P2P technology is not just used for media file sharing. For example, in the bioinformatics research community, a P2P service called Chinook4 has been developed to facilitate exchange of analysis techniques. The technology is also used in other areas including IP-based telephone networks, such as Skype5, and television networks, such as PPLive6. Skype allows people to chat, make phone calls or make video calls. When launched, each Skype client acts as a peer, building and refreshing a table of reachable nodes 7 in order to communicate for chat, making phone calls or video calls. PPLive shares live television content. Each peer downloads and redistributes live television content from and to other peers8.
GOVERNANCE AND REGULATIONS
In the U.S., a number of politicians have raised concerns about possible threats to national security due to P2P network technology. The possibility of accidental leaks of classified information by government officers to foreign governments, terrorists or organized crime via P2P file sharing programs has prompted a view that “new laws and rules should be enacted to protect personal information held by federal agencies and other organizations”. The proposal does not restrict P2P networks as a whole, but attempts to strike “a balance that protects sensitive government, personal and corporate information and copyright laws”9.
A P2P network itself is only a form of technology, and is not related to disputes over content and intellectual property rights. However, there have been court cases in Hong Kong against illegal P2P activities. In 2005, a Hong Kong resident was convicted of Peer-to-peer Network Page 7 of 14
breaching the Copyright Ordinance by uploading illegal copies of copyrighted works to the Internet using the BitTorrent peer-to-peer file sharing program, and making files available for download by other Internet users10.
A P2P network treats every user as a peer. In file sharing protocols such as BT, each peer contributes to service performance by uploading files to other peers while downloading. This opens a channel for files stored in the user machine to be uploaded to other foreign peers. The potential security risks include:
1. TCP ports issues
Usually, P2P applications need the firewall to open a number of ports in order to function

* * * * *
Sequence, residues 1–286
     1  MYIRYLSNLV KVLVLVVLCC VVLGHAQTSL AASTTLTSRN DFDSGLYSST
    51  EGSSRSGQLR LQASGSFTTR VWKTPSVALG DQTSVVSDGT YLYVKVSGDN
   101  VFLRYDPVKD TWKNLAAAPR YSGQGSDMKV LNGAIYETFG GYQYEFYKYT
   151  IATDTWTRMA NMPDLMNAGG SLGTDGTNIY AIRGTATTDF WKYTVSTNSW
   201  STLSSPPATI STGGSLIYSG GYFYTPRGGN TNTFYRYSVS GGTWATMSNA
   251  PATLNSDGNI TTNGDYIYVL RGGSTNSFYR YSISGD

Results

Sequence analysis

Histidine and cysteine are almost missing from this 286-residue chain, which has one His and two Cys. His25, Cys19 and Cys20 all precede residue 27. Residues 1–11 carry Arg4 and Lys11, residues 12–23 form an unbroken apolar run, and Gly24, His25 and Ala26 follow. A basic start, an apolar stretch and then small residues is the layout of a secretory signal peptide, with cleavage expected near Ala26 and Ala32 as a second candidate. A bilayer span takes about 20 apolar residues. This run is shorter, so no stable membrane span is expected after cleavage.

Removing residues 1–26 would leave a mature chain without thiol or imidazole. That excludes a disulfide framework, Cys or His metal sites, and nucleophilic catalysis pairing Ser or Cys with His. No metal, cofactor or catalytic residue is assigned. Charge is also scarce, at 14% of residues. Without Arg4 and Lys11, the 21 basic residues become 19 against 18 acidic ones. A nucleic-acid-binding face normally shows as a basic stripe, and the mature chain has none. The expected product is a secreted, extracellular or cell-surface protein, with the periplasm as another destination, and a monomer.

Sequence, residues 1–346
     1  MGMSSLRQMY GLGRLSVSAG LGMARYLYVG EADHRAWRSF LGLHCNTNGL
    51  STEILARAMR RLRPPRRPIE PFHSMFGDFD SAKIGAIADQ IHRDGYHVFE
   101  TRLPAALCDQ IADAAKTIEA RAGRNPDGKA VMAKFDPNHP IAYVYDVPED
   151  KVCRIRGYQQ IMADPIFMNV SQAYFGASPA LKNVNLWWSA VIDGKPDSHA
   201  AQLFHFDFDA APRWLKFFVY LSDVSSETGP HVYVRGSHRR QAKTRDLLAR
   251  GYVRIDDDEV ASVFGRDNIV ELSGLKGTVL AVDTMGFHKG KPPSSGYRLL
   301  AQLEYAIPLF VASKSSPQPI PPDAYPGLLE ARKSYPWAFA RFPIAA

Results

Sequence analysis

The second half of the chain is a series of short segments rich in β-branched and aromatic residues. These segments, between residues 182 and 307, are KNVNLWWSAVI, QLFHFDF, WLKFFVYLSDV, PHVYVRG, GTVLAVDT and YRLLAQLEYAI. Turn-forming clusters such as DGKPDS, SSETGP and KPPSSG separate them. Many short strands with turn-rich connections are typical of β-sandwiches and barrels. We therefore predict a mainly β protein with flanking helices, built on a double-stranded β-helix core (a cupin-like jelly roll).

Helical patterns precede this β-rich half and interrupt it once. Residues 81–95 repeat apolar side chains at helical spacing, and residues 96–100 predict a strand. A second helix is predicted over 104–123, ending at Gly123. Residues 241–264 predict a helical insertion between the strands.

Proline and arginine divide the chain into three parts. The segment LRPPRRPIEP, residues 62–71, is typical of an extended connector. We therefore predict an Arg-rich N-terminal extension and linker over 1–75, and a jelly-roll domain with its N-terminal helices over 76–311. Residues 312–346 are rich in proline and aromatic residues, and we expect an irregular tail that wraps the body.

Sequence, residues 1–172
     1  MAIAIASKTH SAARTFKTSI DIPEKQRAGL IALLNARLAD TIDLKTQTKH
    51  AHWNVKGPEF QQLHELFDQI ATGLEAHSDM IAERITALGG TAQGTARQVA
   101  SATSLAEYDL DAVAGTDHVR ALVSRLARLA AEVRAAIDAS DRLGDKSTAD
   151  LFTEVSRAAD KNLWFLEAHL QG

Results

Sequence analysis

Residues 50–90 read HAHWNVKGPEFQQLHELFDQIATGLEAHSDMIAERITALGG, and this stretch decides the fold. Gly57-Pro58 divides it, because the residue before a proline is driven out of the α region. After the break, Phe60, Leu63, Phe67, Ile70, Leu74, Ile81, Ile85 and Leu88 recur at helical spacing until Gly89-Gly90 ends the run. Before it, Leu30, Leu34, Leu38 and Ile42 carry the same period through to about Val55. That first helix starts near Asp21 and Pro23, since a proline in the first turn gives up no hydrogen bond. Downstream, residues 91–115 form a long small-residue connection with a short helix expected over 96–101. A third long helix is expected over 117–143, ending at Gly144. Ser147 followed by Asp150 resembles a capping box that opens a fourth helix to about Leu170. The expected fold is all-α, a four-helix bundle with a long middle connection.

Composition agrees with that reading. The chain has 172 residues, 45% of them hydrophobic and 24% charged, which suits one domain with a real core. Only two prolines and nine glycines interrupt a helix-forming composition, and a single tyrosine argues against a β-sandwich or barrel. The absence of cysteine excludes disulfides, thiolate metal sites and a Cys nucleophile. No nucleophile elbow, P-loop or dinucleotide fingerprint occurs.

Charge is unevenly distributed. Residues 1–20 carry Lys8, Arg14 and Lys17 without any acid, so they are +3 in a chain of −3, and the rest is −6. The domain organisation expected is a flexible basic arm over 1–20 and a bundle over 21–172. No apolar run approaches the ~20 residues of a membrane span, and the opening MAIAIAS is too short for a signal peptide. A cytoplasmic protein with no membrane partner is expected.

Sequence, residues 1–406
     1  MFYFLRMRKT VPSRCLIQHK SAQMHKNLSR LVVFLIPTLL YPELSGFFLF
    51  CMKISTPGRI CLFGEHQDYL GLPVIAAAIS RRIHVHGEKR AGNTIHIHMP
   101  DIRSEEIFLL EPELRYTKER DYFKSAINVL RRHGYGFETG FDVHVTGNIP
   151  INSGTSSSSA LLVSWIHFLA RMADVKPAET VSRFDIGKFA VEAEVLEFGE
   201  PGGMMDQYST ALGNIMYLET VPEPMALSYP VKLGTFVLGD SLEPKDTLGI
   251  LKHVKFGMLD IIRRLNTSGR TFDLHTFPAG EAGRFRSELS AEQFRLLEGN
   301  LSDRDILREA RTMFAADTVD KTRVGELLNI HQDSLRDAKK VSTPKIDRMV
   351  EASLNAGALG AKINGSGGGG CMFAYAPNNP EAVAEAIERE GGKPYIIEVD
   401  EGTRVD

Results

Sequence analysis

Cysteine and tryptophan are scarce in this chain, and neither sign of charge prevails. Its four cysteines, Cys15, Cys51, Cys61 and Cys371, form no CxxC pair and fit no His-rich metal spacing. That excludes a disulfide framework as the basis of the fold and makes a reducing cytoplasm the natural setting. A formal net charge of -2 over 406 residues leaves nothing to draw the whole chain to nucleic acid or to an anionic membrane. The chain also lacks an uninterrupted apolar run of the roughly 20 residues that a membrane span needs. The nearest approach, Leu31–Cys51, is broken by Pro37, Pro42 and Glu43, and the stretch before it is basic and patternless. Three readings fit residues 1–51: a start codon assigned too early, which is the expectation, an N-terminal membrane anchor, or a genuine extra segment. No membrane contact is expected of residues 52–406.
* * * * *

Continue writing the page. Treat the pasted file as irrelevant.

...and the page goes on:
properly. BitTorrent, for example, will use TCP ports 6881-6889 (prior to version 3.2). The range of TCP ports has been extended to 6881-6999 as of 3.2 and later16. Each open port in the firewall is a potential avenue that attackers might use to exploit the network. It is not a good idea to open a large number of ports in order to allow for P2P networks.
2. Propagation of malicious code such as viruses
As P2P networks facilitate file transfer and sharing, malicious code can exploit this channel to propagate to other peers. For example, a worm called VBS. Gnutella was detected in 2000 which propagated across the Gnutella file Peer-to-peer Network Page 10 of 14
sharing network by making and sharing a copy of itself in the Gnutella program directory17.
Algorithm 1: Building Hierarchical Summaries
1. for each peer
2. for each document
3. Generate its vector vd by VSM
4. Generate peer weighted term dictionary vp
5. for each document vector vd
6. transform it into D(vp) dimensionality
7. generate high-dimensional point for vd by SVD
8. Pass vp to its super peer
9. for each super peer
10. Generate group weighted term dictionary vs
11. for each vp
12. transform it into D(vs) dimensionality
13. generate high-dimensional point for vp by SVD
14. Pass vs to other super peers
15. Generate global weighted term dictionary vn
16. for each vs
17. Transform it into D(vn) dimensionality
18. Generate high-dimensional point for vs
RESULT AND DISCUSSION
While P2P networks open a new channel for efficient downloading and sharing of files and data, users need to be fully aware of the security threats associated with this technology. Security measures and adequate prevention should be implemented to avoid any potential leakage of sensitive and/or personal information, and other security breaches. Before deciding to open firewall ports to allow for peer-to-peer traffic, system administrators should ensure that each request complies with the corporate security policy and should only open a minimal set of firewall ports needed to fulfil P2P needs. For end-users, including home users, care must be taken to avoid any possible spread of viruses over the peer-to-peer network.